New Opportunities for Business Collaboration Between Israel and Pittsburgh

By Elliot Dater

You might not know it, but there is a history of Israel-Pittsburgh collaborative technology investments and transactions. It started as a trickle, but that trickle will develop into a flow, given the right circumstances. Israeli companies such as medical device company Flexicath, portfolio company Pittsburgh Life Sciences Greenhouse and dbMotion (recently acquired by Allscripts for an undisclosed amount), set up their U.S. operations in the greater Pittsburgh area several years ago. In addition, Ness Technologies recently announced the opening of a new software development center in Pittsburgh.

More recently, a new attempt to introduce Israeli companies to Pittsburgh area investors was kicked off. The Keiretsu Forum, the world’s largest angel investor network, recently brought a number of Israeli startups to Pittsburgh to present their companies to local investors as part of the Keiretsu Forum Mid-Atlantic Regions’ Quarterly Israeli Deal Flow program. Five Israeli companies in the fields of internet technology, medical devices, transportation efficiency, human mobility products and drug development presented to a number of accredited investors. Although it is too early to tell whether any investments will be made, Israeli companies that have previously presented are currently under review to determine whether Keiretsu members will make an investment.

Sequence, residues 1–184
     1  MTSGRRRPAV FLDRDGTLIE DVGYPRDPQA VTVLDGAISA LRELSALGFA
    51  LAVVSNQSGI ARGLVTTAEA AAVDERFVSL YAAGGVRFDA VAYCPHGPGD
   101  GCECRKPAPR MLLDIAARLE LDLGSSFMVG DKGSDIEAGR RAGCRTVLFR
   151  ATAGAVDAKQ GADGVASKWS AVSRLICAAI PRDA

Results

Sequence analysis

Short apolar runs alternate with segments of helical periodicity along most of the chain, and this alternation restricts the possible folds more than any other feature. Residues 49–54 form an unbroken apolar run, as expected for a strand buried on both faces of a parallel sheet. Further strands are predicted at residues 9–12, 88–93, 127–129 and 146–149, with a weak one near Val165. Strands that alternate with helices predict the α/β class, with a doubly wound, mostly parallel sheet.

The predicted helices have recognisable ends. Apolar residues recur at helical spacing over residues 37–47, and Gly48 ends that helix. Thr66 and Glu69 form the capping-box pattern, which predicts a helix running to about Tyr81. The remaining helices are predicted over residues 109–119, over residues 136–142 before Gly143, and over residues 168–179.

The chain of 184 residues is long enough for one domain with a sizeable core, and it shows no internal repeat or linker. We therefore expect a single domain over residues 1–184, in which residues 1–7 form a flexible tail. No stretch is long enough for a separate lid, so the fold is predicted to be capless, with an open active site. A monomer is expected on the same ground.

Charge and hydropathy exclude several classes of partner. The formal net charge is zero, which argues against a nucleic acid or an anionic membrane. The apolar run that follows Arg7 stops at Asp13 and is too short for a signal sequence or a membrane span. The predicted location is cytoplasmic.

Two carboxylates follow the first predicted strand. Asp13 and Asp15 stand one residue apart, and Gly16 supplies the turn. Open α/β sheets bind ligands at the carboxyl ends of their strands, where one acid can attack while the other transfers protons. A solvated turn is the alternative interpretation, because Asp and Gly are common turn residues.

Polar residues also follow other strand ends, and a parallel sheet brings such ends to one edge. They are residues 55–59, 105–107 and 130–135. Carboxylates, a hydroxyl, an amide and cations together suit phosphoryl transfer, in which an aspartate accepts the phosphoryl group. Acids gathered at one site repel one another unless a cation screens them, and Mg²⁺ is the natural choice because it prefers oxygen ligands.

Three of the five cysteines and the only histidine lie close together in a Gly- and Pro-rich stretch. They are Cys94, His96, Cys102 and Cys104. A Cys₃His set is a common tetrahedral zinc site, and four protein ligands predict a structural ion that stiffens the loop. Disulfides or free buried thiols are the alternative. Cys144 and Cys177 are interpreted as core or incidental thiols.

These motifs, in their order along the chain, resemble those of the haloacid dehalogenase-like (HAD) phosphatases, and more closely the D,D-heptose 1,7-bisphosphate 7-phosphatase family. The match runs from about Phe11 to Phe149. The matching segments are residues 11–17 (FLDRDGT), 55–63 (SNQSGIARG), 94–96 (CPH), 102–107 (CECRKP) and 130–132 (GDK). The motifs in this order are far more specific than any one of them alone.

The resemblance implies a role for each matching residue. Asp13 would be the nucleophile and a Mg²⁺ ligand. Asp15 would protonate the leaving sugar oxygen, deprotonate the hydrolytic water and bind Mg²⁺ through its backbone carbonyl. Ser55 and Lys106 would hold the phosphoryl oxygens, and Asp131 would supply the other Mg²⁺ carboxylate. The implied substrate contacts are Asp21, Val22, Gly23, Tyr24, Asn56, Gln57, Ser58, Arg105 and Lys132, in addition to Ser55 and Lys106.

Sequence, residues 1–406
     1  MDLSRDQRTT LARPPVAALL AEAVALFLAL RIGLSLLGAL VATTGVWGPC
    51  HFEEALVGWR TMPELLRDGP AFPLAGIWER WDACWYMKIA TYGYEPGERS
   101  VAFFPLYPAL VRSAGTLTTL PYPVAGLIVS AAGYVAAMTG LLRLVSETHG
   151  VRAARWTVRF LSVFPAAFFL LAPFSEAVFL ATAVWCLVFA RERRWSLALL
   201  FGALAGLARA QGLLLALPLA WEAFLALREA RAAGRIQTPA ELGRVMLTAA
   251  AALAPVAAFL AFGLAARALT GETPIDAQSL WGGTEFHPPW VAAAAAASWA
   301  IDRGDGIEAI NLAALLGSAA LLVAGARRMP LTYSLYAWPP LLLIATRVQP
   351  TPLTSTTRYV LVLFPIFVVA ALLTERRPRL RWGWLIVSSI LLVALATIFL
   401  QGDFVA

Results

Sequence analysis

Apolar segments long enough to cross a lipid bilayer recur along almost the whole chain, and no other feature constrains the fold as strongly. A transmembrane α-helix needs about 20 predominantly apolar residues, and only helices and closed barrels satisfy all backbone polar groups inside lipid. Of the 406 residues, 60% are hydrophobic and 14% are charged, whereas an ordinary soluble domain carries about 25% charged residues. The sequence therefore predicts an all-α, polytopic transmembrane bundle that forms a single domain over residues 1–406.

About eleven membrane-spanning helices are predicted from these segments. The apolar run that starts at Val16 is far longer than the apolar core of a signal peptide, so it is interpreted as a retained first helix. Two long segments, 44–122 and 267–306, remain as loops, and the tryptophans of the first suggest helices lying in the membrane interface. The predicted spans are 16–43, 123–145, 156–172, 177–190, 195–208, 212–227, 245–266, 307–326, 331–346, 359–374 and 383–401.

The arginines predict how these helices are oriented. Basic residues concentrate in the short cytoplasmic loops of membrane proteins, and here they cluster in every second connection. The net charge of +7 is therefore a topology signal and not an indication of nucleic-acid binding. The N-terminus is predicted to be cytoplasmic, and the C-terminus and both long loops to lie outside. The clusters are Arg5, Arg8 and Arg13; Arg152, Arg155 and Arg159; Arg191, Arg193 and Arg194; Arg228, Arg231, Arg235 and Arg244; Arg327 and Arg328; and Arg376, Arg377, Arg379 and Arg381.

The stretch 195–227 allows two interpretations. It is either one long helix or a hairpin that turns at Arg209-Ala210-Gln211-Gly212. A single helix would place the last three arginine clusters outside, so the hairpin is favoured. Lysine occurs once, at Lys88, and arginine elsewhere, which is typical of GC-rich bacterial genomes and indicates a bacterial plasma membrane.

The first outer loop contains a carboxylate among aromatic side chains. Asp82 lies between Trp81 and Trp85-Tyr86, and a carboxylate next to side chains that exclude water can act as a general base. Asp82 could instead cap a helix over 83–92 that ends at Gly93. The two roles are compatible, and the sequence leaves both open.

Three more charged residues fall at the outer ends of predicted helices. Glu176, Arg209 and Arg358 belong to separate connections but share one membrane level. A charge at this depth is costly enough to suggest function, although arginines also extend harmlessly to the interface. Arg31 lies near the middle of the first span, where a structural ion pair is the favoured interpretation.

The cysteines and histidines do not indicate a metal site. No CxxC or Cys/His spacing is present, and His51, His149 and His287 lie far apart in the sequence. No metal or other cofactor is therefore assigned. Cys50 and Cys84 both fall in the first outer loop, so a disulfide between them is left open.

Earlier last month, the Israeli Deputy Consul General for the Mid-Atlantic Region visited Pittsburgh and met with a number of key players in the local technology ecosystem to explore ways to create and strengthen ties between the Israeli and Pittsburgh technology communities. This was just a first step, but hopefully the first of many to find ways to increase collaboration in the technology space between Israeli and Pittsburgh companies, academic institutions and sources of capital.

Academic institutions are also working to connect the dots between the Israeli and Pittsburgh technology ecosystems. Professor Paul Harper is creating a program in Global Innovation at the University of Pittsburgh Joseph M. Katz Graduate School of Business. The pilot country for kicking off this program in global innovation? Israel, of course. Professor Harper has been to Israel twice in the last 12 months and immediately noticed the potential for collaboration between the two technology ecosystems. The Israeli Pilot would include case studies of Israeli companies and a student trip to Israel to meet with entrepreneurs, investors and leading business figures in the Israeli economy. For more on this exciting new program, see “Israel Rising” in the Spring 2013 edition of the Katz School’s Pitt Business Magazine.

Although in its early stages, the University of Pittsburgh School of Law is looking to create a collaborative program with the Academic Center of Law and Business in Ramat Gan Israel. Potential parts of this program could include combined classes taught by faculty members of both schools, student internships in immigration law and student exchange programs. Dean William Carter has been leading this effort and it will be fascinating to see what the future holds.

A lot is already happening to link the Pittsburgh and Israeli technology economies. The two keys to creating additional growth is getting the word out on what already exists and working to create more connections where it makes business and/or academic sense.

Elliot Dater is a partner in Schnader’s Business Services Department,  and represents Israeli companies doing business in the United States and U.S. companies and investors doing business in Israel, as well as emerging growth companies in the technology and medical device industries